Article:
In an automobile engine, there is a mechanical device that allows the engine to work at a stationary position It is called a clutch. The component engages and disengages power transmission especially from a driving shaft to the driven shaft. In order words, clutches connect and disconnect two rotating shafts (drive shafts or line shafts).
Today we’ll be looking at the definition, working principle, parts, types, functions, as well as problems of clutch systems in automobile engines.
Read more: Symptoms of a Bad Clutch Fork
What is a clutch?
A clutch is a mechanical device that engages and disengages the power transmission from the driving shaft to the driven shaft. The device features two-shaft, one is connected to the engine or power unit (the driving member) while the other shaft provides the power output that does the work.
Working principle of a clutch
The working principle of a clutch is quite interesting and easy to understand. It works perfectly fine in that no torque/power is transmitted until the friction plates touch each other. The clutch consists of two different plates, one is mounted to the flywheel, and the other moves over the crankshaft. The amount of torque applied determines the amount of axial load that is applied to the friction disc.
This is to say the more the axial load the more the power transmission and the less the axial load, the lesser the power transmission. The moveable disc which is splined on the crankshaft moves back and forth with the aid of the clutch pedal. The load is applied by the pressure plate which is connected to multiple helical springs or single diaphragm springs. If the clutch pedal is complete press, the moveable friction disc moves back from the shaft which disengaged from the flywheel.
As there is no axial load applied by the pressure plate hence there is no power/torque transmission applied. This is why the engine can run without moving. And if the clutch pedal is completely released, the moveable friction disc slides forward on the shaft to the flywheel. This is the engaged condition when the disc touches the flywheel. The amount of working pressure applied is also determined by how much the clutch pedal is pressed. This means the amount of axial load applied by the pressure plate will reflect on the power transmitted.
The video below contains how a clutch works:
Parts of a clutch:
The following are the major parts of a clutch but there are a lot of small parts that are still featured in it:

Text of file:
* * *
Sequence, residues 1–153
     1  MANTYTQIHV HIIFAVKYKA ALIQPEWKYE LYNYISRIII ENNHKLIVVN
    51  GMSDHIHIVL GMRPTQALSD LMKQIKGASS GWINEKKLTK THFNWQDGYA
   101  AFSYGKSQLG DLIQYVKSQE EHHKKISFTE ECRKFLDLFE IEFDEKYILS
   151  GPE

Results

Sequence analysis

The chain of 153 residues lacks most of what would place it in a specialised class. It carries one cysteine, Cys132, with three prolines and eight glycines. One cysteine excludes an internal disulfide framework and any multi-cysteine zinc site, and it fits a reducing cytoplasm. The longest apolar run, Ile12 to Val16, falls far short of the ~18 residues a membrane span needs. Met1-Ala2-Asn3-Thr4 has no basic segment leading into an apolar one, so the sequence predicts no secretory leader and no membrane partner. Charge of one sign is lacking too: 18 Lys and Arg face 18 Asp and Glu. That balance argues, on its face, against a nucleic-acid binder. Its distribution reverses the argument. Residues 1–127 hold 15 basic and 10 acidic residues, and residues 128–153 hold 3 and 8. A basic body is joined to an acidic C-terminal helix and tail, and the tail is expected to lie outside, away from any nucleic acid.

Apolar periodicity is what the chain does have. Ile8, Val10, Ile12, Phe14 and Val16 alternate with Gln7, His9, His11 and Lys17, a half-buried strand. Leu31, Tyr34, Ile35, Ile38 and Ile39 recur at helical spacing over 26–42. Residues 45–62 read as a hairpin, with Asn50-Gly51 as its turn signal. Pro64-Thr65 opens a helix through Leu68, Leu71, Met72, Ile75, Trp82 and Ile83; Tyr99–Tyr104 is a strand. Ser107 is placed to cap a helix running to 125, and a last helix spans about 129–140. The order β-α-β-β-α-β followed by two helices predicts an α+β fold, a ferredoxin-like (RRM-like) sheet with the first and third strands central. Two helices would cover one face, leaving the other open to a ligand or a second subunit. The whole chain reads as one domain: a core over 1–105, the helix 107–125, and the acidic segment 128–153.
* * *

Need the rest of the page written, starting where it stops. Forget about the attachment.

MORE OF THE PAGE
- Flywheel: this clutch part is mounted on the crankshaft, it keeps running as long as the engine is working. A friction disc is mounted on the outer side of the flywheel.
- Friction disc: the friction disc could be single or multiple discs depending on its application. It is made of material with a high coefficient of friction. The friction disc is mounted on a drive shaft.
- Pressure plate: the pressure plate features another friction disc on it. this pressure plate is mounted on the splined hub.
- Spring and release levers: the function of the springs is to move the friction disc back and forth. Clutches use diaphragm springs and levers help to retract the spring.
Different types of clutches:
The following stated below represent different types of clutch used on engines
- Single-plate clutch
- Multi-plate clutch
- Cone clutch
- Centrifugal clutch
- Electromagnetic clutch
- Hydraulic clutch
- Shaft and lever linkage
- Cable linkage
- Hydraulic-operator clutch linkage
Read more: How to Bleed a Hydraulic Clutch
Functions of clutch:
Below are the functions of a clutch in a car:
- The clutch helps the engine to run at a stationary position.
- It can be used to reduce engine speed.
- it enables easy changing of gears.
- Smooth vehicle control is achieved
Common Clutch Problems:
Clutches are expected to last up to 80,00 miles if treated and maintained. below is the common problem that often occurs with car clutches:
- Broken Cable:
- Air in the hydraulic line
- Hard clutch
That’s it for this article, “Understanding Automobile Clutch System”. I hope you enjoyed the reading, if so, kindly comment, share, and recommend this site to technical other students. Thanks!